Countdown 2013: John Coltrane Festival (Friday and Saturday) This self-explanatory repertory festival at Smoke concludes with a band led by George Coleman: a rough contemporary of Coltrane, and one of several tenor saxophonists to succeed him in the Miles Davis Quintet. Mr. Coleman leads a band with two close colleagues, the pianist Harold Mabern and the drummer Al Foster, and a respectful younger stalwart, the bassist Doug Weiss. At 7 and 9 p.m., Smoke, 2751 Broadway, at 106th Street, (212) 864-6662,; $35 cover, with varying minimums. (Chinen)

Jeff Davis Trio (Wednesday) The exploratory, texture-minded drummer and composer Jeff Davis draws from his intriguing recent album, “Leaf House” (Fresh Sound New Talent), with two regular partners, the pianist Russ Lossing and the bassist Eivind Opsvik. At 8 p.m., Barbès, 376 Ninth Street, at Sixth Avenue, Park Slope, Brooklyn, (347) 422-0248,; suggested donation, $10. (Chinen)

Mary Halvorson Jazz Festival (Friday and Saturday) The guitarist Mary Halvorson, a calmly prickly and increasingly prominent presence on the avant-garde landscape, leads two different ensembles this weekend, beginning on Friday with Reverse Blue, a new quartet featuring Chris Speed on saxophone and clarinet, Eivind Opsvik on bass and Tomas Fujiwara on drums. On Saturday she works with Thumbscrew, her aggressively interactive trio with Mr. Fujiwara and the bassist Michael Formanek. At 9 and 10:30 p.m., Cornelia Street Café, 29 Cornelia Street, Greenwich Village, (212) 989-9319,; $10 cover, with a $10 minimum. (Chinen)

Ben Holmes Quartet (Tuesday) The trumpeter Ben Holmes, whose areas of specialty include klezmer and Gypsy music, features this alert working band — with the trombonist Curtis Hasselbring, the bassist Matt Pavolka and the drummer Vinnie Sperrazza — on his appealing second album, “Anvil of the Lord” (Skirl). The band has a residency here, playing the second Tuesday of each month. At 7 p.m., Barbès, 376 Ninth Street, at Sixth Avenue, Park Slope, Brooklyn, (347) 422-0248,; suggested donation, $10. (Chinen)

Lion Mouth / Max Johnson Trio (Monday) The assertive but tactful young cornetist Kirk Knuffke forms a connective thread between the two groups on this double bill. Lion Mouth, playing at 9:30 p.m., finds him in a combo with the pianist Jesse Stacken, the bassist Simon Jermyn and the drummer Jeff Davis (who has a tune called “Lion Mouth” on his most recent album). And the Max Johnson Trio, which plays a preceding set at 8:30, draws from its recent debut, “Elevated Vegetation” (FMR), featuring Mr. Knuffke, Max Johnson on bass and Ziv Ravitz on drums. At Shapeshifter Lab, 18 Whitwell Place, Park Slope, Brooklyn,; $10. (Chinen)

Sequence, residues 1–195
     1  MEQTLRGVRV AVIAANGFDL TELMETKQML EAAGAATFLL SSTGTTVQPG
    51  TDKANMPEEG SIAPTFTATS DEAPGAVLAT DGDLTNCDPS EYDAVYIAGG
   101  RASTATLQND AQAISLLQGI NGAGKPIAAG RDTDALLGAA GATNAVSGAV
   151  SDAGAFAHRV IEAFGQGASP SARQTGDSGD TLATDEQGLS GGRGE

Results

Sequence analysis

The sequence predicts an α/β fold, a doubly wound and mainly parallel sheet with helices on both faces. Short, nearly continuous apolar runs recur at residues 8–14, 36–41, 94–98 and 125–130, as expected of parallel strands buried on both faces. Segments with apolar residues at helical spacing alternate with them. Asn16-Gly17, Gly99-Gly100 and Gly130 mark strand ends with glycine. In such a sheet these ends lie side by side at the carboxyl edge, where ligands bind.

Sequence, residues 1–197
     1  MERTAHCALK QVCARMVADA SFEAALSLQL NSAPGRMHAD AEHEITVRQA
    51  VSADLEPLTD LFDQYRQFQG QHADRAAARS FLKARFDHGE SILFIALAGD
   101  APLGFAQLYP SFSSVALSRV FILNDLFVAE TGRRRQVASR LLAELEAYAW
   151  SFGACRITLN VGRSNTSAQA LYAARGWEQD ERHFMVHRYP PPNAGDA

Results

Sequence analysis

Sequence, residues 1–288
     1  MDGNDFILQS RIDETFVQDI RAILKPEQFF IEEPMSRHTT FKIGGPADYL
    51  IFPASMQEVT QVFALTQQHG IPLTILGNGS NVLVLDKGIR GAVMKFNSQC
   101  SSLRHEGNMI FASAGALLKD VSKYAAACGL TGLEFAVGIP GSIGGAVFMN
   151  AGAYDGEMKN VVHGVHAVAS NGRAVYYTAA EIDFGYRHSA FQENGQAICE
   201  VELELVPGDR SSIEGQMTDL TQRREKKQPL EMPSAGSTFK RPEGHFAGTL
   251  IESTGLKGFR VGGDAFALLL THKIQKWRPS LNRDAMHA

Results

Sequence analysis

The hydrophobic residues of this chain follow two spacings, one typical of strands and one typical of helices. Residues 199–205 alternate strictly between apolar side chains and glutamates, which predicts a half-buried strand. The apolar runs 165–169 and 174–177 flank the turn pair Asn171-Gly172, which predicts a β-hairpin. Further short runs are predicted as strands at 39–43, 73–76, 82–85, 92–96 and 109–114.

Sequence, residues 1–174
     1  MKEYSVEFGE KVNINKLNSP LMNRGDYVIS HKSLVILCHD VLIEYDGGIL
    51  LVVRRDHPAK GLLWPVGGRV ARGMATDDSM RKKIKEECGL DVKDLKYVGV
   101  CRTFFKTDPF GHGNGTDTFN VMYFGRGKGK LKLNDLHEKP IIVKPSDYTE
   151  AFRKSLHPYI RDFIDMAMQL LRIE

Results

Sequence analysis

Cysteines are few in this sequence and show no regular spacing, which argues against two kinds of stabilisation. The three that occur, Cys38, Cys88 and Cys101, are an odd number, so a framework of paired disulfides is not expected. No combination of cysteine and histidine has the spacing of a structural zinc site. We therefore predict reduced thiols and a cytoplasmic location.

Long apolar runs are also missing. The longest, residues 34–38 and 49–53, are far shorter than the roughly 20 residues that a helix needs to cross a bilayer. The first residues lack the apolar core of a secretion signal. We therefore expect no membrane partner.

David S. Ware Memorial Service (Monday) David S. Ware, who died in October at 62, was a saxophonist of volcanic energies and searching temperament, and a pillar of conviction in the post-1960s jazz avant-garde. His memorial will include musical tributes by the bassist William Parker, the drummer Guillermo E. Brown and the pianist Matthew Shipp, who’ll play his compositions as a trio; the drummer Andrew Cyrille, the multireedist and trumpeter Daniel Carter and the guitarist and bassist Joe Morris, who’ll form another trio; the multi-instrumentalist Cooper Moore, in a solo harp meditation; and the drummer Muhammad Ali and the saxophonist Darius Jones, in duologue. At 7:30 p.m., St. Peter’s Lutheran Church, Lexington Avenue, at 54th Street, (212) 935-2200,; free. (Chinen)

Evan Parker’s Might I Suggest Festival 2013 with ICP Orchestra

British saxophonist Evan Parker
British saxophonist Evan Parker (Photo credit: Wikipedia)

From London’s The Vortex Jazz Club:

After the great success of the January 2012 Might I Suggest festival, we are excited that the ICP Orchestra have accepted Evan Parker‘s invitation to be at the Vortex from 29 January 2013 to 2 February 2013. The first visit to London for 6 years of one of the most iconic groups in jazz. Originators of New Dutch Swing and in existence since 1967. The first 3 days will be collaborations with the UK friends and the last 2 nights will be with the whole band.


Tuesday January 29
1st set
Tristan Honsinger cello/Mary Oliver violin/John Russell guitar/Ernst Glerum bass
2nd set
Toby Delius saxophone/ Claude Deppa tpt (TBC)/Gail Brand trombone

Wednesday January 30
1st set
Michael Moore saxophone, clarinet/Alex McGuire piano/Ernst Glerum bass/ Mark Sanders drums
2nd set
duo, trio and quintet from
Wolter Wierbos trombone/Ab Baars saxophone,clarinet/Phil Minton voice/Alex Ward clarinet/Roger Turner drums

Thursday January 31
1st set
Han Bennink drums/Pat Thomas piano, electronics/Steve Beresford piano,electronics/John Coxon guitar
2nd set
Han Bennink drums/John Edwards bass/Evan Parker saxophone